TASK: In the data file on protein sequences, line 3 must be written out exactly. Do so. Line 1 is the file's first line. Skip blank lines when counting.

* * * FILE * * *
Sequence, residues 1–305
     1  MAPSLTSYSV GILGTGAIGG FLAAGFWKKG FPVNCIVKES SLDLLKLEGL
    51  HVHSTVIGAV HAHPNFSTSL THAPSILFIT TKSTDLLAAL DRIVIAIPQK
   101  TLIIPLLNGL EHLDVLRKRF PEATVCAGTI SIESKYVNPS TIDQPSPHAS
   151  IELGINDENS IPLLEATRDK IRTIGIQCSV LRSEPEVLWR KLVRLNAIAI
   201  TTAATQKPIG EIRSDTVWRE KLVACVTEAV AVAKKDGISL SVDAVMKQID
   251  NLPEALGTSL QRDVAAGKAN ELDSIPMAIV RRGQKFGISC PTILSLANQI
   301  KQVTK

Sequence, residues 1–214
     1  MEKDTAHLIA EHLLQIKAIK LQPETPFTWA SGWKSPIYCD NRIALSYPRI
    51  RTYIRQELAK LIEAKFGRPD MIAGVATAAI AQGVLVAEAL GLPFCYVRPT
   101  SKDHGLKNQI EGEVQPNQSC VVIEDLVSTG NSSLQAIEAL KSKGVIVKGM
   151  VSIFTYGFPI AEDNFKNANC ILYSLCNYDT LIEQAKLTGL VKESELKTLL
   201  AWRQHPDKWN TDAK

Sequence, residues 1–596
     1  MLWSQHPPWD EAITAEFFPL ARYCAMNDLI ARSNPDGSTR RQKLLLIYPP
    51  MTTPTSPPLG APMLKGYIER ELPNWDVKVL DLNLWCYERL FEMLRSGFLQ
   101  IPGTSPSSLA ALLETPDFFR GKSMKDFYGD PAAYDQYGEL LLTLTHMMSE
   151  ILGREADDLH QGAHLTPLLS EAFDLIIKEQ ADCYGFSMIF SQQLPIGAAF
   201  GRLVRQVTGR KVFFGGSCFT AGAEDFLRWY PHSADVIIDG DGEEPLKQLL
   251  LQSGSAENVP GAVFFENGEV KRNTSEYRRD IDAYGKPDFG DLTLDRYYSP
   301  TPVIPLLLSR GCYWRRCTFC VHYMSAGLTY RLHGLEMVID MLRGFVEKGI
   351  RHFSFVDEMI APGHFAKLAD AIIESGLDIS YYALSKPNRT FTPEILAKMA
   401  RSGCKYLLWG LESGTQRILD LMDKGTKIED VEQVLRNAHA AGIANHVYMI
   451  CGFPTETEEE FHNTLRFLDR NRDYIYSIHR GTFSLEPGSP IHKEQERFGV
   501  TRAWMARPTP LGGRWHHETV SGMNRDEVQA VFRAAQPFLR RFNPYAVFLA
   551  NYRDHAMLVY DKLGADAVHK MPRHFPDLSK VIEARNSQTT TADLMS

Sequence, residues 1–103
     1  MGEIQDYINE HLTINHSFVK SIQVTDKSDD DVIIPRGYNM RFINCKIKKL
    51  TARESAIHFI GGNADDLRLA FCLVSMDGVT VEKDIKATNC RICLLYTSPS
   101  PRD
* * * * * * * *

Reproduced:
    51  HVHSTVIGAV HAHPNFSTSL THAPSILFIT TKSTDLLAAL DRIVIAIPQK